Google+ is not long for this world, but it will live on with the help of the Internet Archive. A project is already underway to save all public Google+ pages to the archive, ensuring that the content won't vanish on April 2nd when Google pulls the plug. If your profile is open, it may already be safe and sound.
Google announced the shutdown of Google+ later last year, citing extremely low usage and a newly discovered bug that exposed personal data. Initially, it wanted to kill the consumer-facing site this coming summer, but in December Google accelerated the timeline. At that point, the Archive Team sprung into action. The Archive Team is a network of volunteers who download endangered data for the Internet Archive, and you can follow its Google+ progress in real time.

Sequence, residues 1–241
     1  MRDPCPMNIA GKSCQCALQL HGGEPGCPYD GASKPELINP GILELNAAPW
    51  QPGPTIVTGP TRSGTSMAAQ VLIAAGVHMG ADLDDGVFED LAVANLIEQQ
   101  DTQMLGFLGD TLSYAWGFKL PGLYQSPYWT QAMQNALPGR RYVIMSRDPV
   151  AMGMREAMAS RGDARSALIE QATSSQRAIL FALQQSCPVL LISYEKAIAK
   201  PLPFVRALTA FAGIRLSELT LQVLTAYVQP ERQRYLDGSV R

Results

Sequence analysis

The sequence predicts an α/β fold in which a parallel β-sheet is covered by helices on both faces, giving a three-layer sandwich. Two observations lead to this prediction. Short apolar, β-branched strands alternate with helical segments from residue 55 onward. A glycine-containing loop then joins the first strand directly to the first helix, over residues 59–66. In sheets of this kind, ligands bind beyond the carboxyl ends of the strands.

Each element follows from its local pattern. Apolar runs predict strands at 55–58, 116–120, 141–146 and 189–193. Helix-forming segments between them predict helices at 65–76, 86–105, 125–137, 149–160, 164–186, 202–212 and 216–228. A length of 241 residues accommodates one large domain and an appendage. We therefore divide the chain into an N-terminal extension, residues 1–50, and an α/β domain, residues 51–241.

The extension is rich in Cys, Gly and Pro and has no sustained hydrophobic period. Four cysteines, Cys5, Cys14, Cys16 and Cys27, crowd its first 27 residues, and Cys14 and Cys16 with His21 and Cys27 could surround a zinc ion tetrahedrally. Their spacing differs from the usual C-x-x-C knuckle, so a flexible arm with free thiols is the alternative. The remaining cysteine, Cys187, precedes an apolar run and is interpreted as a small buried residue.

The internet has made is much easier to disseminate information, but it's also made information more "disposable." Websites and services go offline all the time, taking content with them. The Internet Archive exists to make sure that data doesn't disappear.
As of this posting, the Archive Team has downloaded more than 360 terabytes of data from Google+. It will all go up on the Internet Archive, accessible to the public using the Wayback Machine. If you have a lot of local storage and bandwidth, you can help the Archive Team by running a "Warrior" virtual machine to download Google+ data. If for some reason you don't want your public Google+ content mirrored, you can request a removal, too.